The answer is …  strong enough!  There is no one answer for us all.   What constitutes ‘strong enough’ will vary from individual to individual because of the various demands that we each place upon our bodies.  We have to be ‘fit for purpose’.  Our body types, health status, the environment that we live in, the demands of our jobs and the physical activities that we enjoy will all influence our strength requirements.  With that in mind we can work out what is ‘strong enough’.


The influence of health and bodytype

Our physical health and our body type will have a big impact upon what we can physically achieve.  Individuals who are physically disabled may have reduced physical capacities when it comes to certain tasks.  At the other end of the spectrum, elite athletes have physical capacities that allow them to do tasks thast most of us couldn’t imagine doing.

Body type can also have a big impact on how strong we need to be and can be.  Heavier people tend to have higher absolute strength levels because they are moving their higher body mass about throughout the day.  Think of them as weight training every time that they move.  Individuals with shorter limbs have more favourable levers for certain movements and therefore display a mechanical advantage to express strength.  For example elite gymnasts tend to be shorter than average because shorter levers aloow them to perform the complex routines and movements associated with the sport.


The environment and physical activity

The environment that we live in has a significant influence upon how strong we need to be.  Compare our modern lifestyles to those of our ancestors.  We no longer require speed and strength to catch food and avoid predators.  As a result we don’t have to be strong enough to climb tree’s, and negotiate challenging terrains like some indiginous populations.  In addition to our natural environment, the activities that we like to do impose specific demands on us for strength.  Everytime we participate in a physical acitvity we are placing the body into a specific, albeit temporary environment.  Whether it’s changing direction, walking uphill or swinging a racquet, different movements will require a certain amount of strength.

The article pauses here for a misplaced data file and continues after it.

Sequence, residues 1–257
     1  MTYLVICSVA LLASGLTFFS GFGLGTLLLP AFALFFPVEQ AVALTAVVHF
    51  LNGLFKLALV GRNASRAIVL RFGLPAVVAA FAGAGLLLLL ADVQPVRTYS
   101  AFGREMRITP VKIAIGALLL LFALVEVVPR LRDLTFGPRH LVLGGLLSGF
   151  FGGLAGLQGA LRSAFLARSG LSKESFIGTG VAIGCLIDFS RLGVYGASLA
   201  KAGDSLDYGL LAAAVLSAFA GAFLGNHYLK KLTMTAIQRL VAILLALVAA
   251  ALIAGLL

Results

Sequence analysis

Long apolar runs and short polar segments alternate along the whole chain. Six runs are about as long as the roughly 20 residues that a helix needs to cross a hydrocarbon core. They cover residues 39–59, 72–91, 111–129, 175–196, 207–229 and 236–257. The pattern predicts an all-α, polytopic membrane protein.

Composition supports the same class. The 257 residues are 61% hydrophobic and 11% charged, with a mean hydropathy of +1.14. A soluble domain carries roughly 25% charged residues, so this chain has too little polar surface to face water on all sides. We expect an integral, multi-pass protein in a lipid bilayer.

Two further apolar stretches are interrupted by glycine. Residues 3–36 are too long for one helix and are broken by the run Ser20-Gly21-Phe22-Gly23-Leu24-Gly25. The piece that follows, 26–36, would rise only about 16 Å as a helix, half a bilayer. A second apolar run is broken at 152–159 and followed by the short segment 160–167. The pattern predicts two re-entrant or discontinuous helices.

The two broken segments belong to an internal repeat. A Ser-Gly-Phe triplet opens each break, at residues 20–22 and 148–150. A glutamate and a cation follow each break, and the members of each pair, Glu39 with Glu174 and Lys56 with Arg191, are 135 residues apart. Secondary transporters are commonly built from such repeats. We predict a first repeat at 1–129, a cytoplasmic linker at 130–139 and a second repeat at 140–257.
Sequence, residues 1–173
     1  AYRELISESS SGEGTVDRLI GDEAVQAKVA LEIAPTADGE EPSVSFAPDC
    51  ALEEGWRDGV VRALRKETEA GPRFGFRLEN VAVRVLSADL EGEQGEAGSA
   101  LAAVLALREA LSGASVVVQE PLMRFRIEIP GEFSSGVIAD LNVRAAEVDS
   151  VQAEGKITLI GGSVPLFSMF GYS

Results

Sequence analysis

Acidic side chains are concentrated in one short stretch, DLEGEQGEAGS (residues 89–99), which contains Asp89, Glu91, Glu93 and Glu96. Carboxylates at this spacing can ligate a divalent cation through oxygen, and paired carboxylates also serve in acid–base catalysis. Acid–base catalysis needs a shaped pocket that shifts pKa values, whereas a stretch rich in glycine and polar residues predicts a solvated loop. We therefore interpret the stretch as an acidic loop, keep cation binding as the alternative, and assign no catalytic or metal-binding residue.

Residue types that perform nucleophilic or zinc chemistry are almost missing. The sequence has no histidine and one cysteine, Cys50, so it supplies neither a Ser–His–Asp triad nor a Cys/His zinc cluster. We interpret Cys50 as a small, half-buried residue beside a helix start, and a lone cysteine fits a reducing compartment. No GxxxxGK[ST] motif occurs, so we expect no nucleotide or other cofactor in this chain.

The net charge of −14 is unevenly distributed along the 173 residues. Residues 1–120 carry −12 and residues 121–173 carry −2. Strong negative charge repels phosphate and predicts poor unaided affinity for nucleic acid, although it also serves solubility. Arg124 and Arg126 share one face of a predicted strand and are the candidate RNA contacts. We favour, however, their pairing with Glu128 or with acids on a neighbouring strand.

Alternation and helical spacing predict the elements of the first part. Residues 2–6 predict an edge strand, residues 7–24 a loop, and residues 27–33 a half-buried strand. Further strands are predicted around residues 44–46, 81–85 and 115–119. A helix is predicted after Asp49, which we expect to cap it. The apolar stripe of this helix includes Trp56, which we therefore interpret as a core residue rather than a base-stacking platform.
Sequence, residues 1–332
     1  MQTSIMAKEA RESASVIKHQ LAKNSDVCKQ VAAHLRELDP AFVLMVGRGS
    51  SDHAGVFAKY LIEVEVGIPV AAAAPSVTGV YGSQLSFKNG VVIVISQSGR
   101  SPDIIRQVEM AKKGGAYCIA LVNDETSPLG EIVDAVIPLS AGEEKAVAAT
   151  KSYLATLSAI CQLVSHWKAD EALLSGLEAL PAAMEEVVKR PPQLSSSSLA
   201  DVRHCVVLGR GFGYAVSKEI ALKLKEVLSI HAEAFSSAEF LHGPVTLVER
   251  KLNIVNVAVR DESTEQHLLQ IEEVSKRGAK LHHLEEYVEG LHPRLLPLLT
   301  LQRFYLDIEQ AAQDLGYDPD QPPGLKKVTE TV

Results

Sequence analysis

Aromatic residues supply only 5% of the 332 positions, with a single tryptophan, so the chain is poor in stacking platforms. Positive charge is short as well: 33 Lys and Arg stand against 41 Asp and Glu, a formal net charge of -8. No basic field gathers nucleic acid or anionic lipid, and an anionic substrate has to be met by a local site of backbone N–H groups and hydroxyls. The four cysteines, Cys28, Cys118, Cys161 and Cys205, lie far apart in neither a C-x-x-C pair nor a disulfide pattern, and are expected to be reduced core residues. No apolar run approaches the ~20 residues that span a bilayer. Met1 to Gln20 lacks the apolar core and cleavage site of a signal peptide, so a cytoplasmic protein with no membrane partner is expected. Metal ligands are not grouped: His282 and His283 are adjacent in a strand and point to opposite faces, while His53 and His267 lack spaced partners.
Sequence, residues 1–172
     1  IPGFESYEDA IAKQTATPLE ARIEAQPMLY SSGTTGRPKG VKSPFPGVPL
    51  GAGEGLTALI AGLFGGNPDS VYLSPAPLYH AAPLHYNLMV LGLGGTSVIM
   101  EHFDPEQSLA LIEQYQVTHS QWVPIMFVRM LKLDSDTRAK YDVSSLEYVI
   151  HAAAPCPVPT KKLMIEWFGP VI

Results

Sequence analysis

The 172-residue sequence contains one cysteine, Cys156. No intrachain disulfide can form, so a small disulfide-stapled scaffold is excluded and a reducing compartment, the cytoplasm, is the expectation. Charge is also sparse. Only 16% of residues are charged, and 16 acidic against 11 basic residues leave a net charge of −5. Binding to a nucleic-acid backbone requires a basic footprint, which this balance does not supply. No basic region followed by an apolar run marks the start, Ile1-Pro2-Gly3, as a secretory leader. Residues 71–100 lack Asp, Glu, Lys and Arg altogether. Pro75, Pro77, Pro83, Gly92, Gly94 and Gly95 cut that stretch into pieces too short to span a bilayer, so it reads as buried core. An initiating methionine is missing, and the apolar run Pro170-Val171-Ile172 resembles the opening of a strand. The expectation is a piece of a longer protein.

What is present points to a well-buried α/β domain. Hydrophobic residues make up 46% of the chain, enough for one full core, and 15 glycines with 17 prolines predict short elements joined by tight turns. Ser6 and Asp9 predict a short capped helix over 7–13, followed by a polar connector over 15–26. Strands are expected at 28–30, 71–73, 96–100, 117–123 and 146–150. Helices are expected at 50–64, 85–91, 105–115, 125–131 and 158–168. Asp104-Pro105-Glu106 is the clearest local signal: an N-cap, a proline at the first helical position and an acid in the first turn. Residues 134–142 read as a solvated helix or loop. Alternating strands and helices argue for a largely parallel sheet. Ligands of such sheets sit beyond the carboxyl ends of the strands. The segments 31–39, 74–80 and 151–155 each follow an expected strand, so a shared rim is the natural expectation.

Finding out how strong I need to be

All of us need a base level of strength so that we can complete daily life without excessive fatigue.  But how do we know if we are strong enough?  There is no data which tells us how strong we need to be just to live our daily lives without assistance.  When it comes to activities of daily living the proof is in the pudding – can we perform them without causing injury or excessive fatigue.  If you get tired climbing a single flight of stairs then it may be that you’re not strong enough.  If you can’t carry shopping in the from the car then you may not be strong enough.  Building strength would help in both of these instances.

For the athletes, things become a little clearer and easier to work out.  Firstly the fitness and strength of athletes in different sports has been extensively researched and documented.  A quick search on Google will reveal the strength levels of elite, professional and recreational athletes in most sports.  Comparing yourself to these levels will highlight how you stack up against them.  This information can then be used to design your training programme.

So to summarise, we are what we do.  When it comes to sussing out how strong you need to be:

  • Give the activity a go.  If it causes excessive strain or fatigue then consider a strength programme to make it easier.
  • Check out the strength levels of elite athletes in your sport – this will give you an idea of how you compare and areas that you may need to address.
  • Check out the website Strength Level which has lots of great calculators that allow you to compare yourself against the rest of population for a whole host of different lifts.